Tom Cruise Opens Up About Family, Religion and Lawsuits
'Rock of Ages' star Tom Cruise, who turns 50 in July, celebrated the milestone by appearing in next month's issue of Playboy.
No no, not as a model (though wouldn't that be unique) but as an interview subject, talking about his family, his religious beliefs, and having a stable of high-powered attorneys ready to attack.
On the latter subject, Cruise told the magazine while he's able to ignore a lot of the gossip that swirls about him, there does come a point at which it goes too far.
"You start with a letter saying, 'Okay, you know it's not true. Apologize,'" he said. "But with certain ones you have to go, 'Okay, you crossed a line, and now you have the attention of my lawyers.' [laughs] When it involves your kids, you have to go, 'Here's the line.'"
Some of the more salacious things written about him involve his often vocal devotion to Scientology, but he says he's in a no-win situation when it comes to talking about it: "If I don't talk about my religion, if I say I'm not discussing it or different humanitarian things I'm working on, they're like, 'He's avoiding it.' If I do talk about it, it becomes, 'Oh, he's proselytizing.'"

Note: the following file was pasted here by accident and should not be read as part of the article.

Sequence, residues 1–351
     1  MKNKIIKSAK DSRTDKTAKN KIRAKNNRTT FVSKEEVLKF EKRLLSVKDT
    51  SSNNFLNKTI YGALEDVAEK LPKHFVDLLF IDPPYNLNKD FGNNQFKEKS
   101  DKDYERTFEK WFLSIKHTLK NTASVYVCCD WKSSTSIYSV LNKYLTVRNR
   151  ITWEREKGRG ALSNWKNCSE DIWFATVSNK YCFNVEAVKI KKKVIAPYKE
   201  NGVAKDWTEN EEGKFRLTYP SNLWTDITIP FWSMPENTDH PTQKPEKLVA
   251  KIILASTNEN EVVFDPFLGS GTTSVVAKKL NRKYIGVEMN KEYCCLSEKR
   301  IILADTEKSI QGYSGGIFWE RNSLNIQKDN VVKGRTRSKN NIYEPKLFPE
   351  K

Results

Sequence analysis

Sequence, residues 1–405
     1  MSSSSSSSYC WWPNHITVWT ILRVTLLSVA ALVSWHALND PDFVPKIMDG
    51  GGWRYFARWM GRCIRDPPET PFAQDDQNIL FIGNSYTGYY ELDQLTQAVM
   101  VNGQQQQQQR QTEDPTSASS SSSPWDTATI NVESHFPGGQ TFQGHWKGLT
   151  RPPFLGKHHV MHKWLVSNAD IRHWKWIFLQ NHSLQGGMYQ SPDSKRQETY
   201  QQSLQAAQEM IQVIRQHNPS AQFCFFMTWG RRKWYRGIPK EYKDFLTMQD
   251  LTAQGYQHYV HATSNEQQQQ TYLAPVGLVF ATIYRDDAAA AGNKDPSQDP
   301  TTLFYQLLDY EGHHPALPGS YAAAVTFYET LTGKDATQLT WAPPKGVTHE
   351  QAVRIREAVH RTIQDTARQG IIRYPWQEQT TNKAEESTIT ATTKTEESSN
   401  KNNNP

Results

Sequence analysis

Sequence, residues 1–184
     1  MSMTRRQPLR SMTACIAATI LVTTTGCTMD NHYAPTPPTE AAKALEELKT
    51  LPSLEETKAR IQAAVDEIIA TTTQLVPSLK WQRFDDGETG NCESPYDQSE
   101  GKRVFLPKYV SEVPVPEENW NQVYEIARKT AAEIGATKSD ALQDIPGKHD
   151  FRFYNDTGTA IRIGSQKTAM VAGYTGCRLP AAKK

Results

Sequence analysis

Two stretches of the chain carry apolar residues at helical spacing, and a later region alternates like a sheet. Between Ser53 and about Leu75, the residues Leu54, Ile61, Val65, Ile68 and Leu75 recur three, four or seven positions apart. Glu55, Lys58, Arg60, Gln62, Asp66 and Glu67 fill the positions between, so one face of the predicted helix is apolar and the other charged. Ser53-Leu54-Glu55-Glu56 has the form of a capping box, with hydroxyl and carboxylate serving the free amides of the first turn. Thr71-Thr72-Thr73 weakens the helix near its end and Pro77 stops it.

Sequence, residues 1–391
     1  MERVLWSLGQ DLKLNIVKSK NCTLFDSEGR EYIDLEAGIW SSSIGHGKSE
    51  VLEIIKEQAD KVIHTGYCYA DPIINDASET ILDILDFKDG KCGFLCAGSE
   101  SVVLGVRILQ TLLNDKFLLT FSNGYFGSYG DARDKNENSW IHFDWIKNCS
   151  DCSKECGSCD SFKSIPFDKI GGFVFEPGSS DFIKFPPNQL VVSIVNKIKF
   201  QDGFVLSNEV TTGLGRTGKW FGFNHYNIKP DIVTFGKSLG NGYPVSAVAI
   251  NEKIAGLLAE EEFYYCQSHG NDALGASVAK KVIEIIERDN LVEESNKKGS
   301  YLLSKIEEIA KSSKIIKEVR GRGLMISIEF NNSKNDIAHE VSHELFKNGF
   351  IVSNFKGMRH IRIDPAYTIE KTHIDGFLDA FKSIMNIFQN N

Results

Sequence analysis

But one thing he is willing to talk about is his wife, actress Katie Holmes, whom he calls "funny and charming."
"When she walks into the room, I just feel better," he said. "[She's] an extraordinary person, and if you spent five minutes with her, you'd see it. Everything she does, she does with this beautiful creativity."
Professionally, he says 'Rock of Ages' was a special challenge, and that to prep for the role of rocker Stacee Jaxx, he often spent up to five hours a day with a vocal coach who also works with Guns N' Roses frontman Axl Rose.
"He was an opera singer who taught me how to control my voice," the actor said. "It’s like learning a new sport or a skill for a character. I had to find out how to move air through the vocal cords and where to place it in my head, in the chest. It’s something you have to do every day to strengthen your voice."
But even after having a taste of the rock star life, he's not ready to abandon films for music.
"Making movies is all I ever wanted to do," he said. "But when I look at Bono, Springsteen, Bon Jovi or Axl Rose and hear the songs they wrote and how they perform them and the life they have, I have a greater appreciation. It takes so much work to get to that level."